Power of a Brand

Over the course of the past few days, I have spoken to my friends and colleagues and learnt that the word ‘brand’ evokes perplexity. Some understand the word and others struggle to understand it. Personally, I feel like I am somewhere in the twilight zone. I have been associated with powerful brands that I have worked for, used personally and ultimately follow as a loyalist.

To be honest, for many brands I use, it’s not easy to define why I would be proud of, respect and ultimately put my money where my feelings are. However, I do know that there are certain brands that I would most certainly pay a premium for. Case in point, Apple. I am completely hooked on to the Apple ecosystem. I use every product and service that the tech giant offers except the iPad. As for the iPad, I don’t understand whether it’s value for money knowing very well that there are a few activities I could use it for (such as watching a documentary in HD format within the confines of a private space). That’s a dilemma stopping me from buying an iPad.

However, there are certain truths I have gathered along my user lifecycle with brands. These translate well into the essential elements of a personal brand:

  1. Know your weaknesses well but focus on your strengths more: Brands know their weaknesses but they amplify their strengths. Apple knew that hardware software integration could be a weakness and it lost market share to the open source movement exemplified by Microsoft Windows riding on IBM PC’s, Linux and Android. However, it focused on integration as a method of creating a beautiful and simple user experience. So much so that, the switching costs of moving to iOS from a different operating system are nearly zero (except for the cost of the device of course). There is a tremendous clamor for simplicity and beauty today. While Apple’s weakness can be argued as it’s push towards integration, that integration has created a user experience making Apple the most valuable brand in 2016 at $146 billion (source:brand directory.com). As Sun Tzu explains in the ‘Art of War’ , if you know your enemy and you know yourself, the battle is won even before it begins. This concept is very profound. It’s application and use in psychological warfare, that the British were very adept at, created the largest colonial empire known to man. This concept is easy to read but very difficult to implement. Just unplug yourself from the world and put your hand to your heart and ask yourself this: do you truly know yourself? Do you understand your weaknesses? How much time do you think you spend proving that you are more knowledgeable than others? Stop wasting your time thinking you are a ‘know it all’. The more you know, the more you understand that you know less. Start being honest with yourself and surrender the conquest of smart brains. The brain is capable of progression but you have to push the start button. The start button reads ‘I know very little. I am willing to admit it and begin my quest for understanding’. On the positive side, focus on your strengths more and build on them. The combination of these two simple practices can multiply your personal growth exponentially. As an example, my reading habit has made sure my general knowledge provides easy icebreakers to many conversations and build strong and lasting relationships.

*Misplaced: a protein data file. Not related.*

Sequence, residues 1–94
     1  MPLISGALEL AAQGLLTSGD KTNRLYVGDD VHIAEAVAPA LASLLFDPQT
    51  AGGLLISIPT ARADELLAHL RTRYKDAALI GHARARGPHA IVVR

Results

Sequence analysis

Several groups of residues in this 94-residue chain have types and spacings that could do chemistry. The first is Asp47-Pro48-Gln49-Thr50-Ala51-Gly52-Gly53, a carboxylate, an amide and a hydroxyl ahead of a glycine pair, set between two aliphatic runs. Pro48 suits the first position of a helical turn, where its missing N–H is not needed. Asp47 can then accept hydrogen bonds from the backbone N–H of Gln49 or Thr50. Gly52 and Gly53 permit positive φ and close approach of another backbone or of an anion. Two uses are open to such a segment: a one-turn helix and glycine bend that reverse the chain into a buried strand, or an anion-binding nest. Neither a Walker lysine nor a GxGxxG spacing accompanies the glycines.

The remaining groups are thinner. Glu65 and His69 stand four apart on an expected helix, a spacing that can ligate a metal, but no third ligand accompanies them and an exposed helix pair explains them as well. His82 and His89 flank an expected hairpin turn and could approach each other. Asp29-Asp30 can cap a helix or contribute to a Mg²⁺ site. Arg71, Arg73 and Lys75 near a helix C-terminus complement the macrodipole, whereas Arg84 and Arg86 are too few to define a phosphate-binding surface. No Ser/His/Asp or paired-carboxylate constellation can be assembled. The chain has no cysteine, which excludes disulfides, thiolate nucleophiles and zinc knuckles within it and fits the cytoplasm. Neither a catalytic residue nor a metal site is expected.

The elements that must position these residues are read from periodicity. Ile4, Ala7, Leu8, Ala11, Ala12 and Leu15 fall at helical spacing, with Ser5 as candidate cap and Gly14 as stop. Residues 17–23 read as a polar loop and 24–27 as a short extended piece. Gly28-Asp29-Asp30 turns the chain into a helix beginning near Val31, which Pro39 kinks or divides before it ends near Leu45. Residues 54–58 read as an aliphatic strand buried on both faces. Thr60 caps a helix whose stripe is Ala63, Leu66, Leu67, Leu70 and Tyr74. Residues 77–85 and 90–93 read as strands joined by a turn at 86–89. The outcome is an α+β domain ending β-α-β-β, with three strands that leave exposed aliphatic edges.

2. Consistency is key to respect: Ultimately, everyone craves respect and love. Monetary success is a means to a greater end but is not the end in itself. Great brands have been consistent at delivering value over very extended periods of time. Citigroup is more than 200 years old. However, it has serviced client needs in over 180+ countries by consistently innovating and delivering on its promises. However, that doesnt mean brands, and by extension, people don’t make mistakes. Their consistency provides them a second and possibly a third chance where lesser known brands would crumble. The mountain goat is a classic example of slowly and consistently moving towards and achieving goals. Consistent behavior is slow, hard and requires tenacity. There are no shortcuts to a reputation.
  3. Proceed with a higher motivation: let money and hubris not be your primary motivators. The higher motivation is living for others. While it may sound too deep, it’s actually quite simple and translates into do unto others what you would have do to yourself. If you empathise with the people you deal with, you build a bridge to their heart as well as their brain. Imagine the power of an internet of human minds and hearts feeding into you. Great brands understand that and have now refocused their efforts on looking at their offerings from a client centric view.

While this is not at attempt at being philosophical, it does blend practical experience with certain higher but simple truths. Respect and Brands are built over centuries and can crumble in a week. But, knowing that a great brand’s valuation is a rough quantification of the respect it has earned from people across the world should prompt you to use it’s products or services or even better, be part of it’s heritage and work for it.




Futurist@The Intersection of Finance, Tech & Humanity. Stories of a Global Language: “Money”. Contributor @ Startup Grind, HackerNoon, HBR. Twitter@akothari_mba

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Abhishek Kothari

Abhishek Kothari

Futurist@The Intersection of Finance, Tech & Humanity. Stories of a Global Language: “Money”. Contributor @ Startup Grind, HackerNoon, HBR. Twitter@akothari_mba

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